Badola and Hussain [21] evaluated the protective function of mangroves in Bhitarkanika in the eastern state of Odisha, India. This mangrove forest and the associated coast house the highest diversity of Indian mangrove flora and fauna. The mangrove forests of Bhitarkanika differ considerably from other mangroves because of the dominant tree species — Sonneratia apetala, Heritiera fomes, H. Littoralis and several Avicennia species. They have measured the economic losses attributed to the 1999 super cyclone relative to the prevailing socioeconomic conditions of the study villages. It evaluated the extent of damage caused in areas that were under the umbrella of mangrove forests and areas that were not, in the wake of this super cyclone. In the mangrove-protected village, variables had either the lowest values for adverse factors (such as damage to houses), or the highest values for positive factors (such as crop yield). The loss incurred per household was greatest (US $153.74) in the village that was not sheltered by mangroves but had an embankment, followed by the village that was neither in the shadow of mangroves or the embankment (US $44.02) and the village that was protected by mangrove forests (US $33.31). The local people were aware of and appreciated the functions performed by the mangrove forests in protecting their lives and property from cyclones and were willing to cooperate with the forest department with regard to mangrove restoration. The case study revealed the important role of mangroves in protecting the coastal areas from furious effects of cyclones and hurricanes.
A similar study was carried out by Das and Vincent [20] on mangrove protection against 1991 super cyclone that struck badly on east coast of Odisha. They have found that villages with wider mangroves between them and the coast experienced significantly fewer deaths than ones with narrower or no mangroves. Their findings were robust to the inclusion of a wide range of other variables to the statistical model following regression analysis (Table 3). They have also revealed that beneficial effect is mainly due to mangrove vegetation, not physical characteristics of mangrove habitat.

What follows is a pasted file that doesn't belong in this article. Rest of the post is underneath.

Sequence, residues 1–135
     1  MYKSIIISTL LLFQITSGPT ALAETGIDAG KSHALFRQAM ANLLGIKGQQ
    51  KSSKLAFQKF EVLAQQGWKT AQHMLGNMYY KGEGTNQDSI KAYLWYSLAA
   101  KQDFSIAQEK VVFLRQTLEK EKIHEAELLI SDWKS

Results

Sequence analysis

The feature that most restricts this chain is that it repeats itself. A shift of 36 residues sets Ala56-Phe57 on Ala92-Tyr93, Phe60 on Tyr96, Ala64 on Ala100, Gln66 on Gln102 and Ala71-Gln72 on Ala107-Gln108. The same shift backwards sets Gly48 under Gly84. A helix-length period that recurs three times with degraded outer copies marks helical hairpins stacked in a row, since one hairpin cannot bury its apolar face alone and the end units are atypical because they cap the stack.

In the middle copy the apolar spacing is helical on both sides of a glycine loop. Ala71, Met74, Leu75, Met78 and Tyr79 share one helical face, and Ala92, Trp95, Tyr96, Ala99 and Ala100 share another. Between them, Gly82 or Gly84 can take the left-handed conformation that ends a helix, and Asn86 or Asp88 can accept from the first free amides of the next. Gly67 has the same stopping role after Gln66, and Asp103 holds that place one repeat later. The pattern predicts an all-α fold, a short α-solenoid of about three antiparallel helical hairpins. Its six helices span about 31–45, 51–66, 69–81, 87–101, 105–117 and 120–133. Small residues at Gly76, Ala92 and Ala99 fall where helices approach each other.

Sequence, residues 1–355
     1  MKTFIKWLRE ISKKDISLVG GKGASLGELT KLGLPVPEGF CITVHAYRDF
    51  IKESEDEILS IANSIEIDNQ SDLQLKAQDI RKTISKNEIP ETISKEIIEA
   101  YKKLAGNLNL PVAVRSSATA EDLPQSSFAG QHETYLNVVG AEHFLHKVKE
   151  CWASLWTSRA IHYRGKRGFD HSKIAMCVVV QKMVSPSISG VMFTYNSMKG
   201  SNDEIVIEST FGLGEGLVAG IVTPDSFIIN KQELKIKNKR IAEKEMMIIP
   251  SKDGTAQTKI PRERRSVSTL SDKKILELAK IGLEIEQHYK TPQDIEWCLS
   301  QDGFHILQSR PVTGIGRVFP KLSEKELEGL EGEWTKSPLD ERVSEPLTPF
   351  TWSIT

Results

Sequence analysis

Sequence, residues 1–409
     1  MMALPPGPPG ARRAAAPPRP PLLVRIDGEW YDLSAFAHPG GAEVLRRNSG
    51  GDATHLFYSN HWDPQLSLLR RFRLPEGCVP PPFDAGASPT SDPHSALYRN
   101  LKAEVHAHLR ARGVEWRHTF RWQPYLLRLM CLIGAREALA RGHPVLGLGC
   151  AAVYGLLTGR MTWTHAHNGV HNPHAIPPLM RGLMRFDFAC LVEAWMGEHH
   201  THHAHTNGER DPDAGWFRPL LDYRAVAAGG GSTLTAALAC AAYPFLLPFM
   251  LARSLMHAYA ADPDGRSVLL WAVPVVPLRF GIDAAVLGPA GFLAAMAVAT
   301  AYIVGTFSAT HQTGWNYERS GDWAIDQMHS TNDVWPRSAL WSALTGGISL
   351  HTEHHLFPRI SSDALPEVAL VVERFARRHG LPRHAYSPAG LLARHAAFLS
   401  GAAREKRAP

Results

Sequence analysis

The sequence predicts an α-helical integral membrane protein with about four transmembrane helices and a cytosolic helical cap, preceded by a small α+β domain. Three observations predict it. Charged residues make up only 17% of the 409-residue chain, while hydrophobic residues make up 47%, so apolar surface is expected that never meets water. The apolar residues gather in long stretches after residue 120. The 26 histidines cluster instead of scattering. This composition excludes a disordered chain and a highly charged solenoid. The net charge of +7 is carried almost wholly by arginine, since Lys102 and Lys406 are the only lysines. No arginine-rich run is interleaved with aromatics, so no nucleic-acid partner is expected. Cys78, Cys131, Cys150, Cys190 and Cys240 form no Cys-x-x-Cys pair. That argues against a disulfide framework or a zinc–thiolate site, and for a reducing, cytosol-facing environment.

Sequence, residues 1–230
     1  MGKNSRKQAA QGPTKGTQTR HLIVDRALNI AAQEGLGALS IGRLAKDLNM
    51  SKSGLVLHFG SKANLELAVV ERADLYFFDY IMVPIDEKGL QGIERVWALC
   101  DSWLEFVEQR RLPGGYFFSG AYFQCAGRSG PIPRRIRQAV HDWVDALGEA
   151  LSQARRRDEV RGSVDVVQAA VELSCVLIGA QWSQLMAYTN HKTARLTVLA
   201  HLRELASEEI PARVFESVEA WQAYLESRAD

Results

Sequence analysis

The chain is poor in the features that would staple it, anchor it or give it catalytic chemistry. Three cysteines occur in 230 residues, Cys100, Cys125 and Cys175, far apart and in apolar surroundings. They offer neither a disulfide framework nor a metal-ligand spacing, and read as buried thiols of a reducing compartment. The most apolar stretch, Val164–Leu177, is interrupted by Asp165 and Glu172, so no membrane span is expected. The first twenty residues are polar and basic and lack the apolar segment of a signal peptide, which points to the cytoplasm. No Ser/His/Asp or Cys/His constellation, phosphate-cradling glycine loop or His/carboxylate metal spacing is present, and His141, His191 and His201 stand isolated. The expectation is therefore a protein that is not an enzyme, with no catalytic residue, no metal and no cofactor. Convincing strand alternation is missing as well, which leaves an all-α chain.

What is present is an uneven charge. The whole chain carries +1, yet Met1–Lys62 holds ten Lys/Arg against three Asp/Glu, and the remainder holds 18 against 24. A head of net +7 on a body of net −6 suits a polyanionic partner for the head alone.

Koteswaram [55] had reported about 346 cyclones in the Bay of Bengal including 133 severe ones, whereas the Arabian Sea had only 98 cyclones including 55 severe ones between the years 1891 and 1970. Tropical cyclones and storms are more common in the Bay of Bengal thus severely affecting the east and south Indian coast as compared to the Arabian Sea. However, mangroves reduce the fury of cyclones and act as protective barrier towards this natural calamity [56]. Observations revealed that the role of Rhizophora and Avicennia spp. are more significant than other species.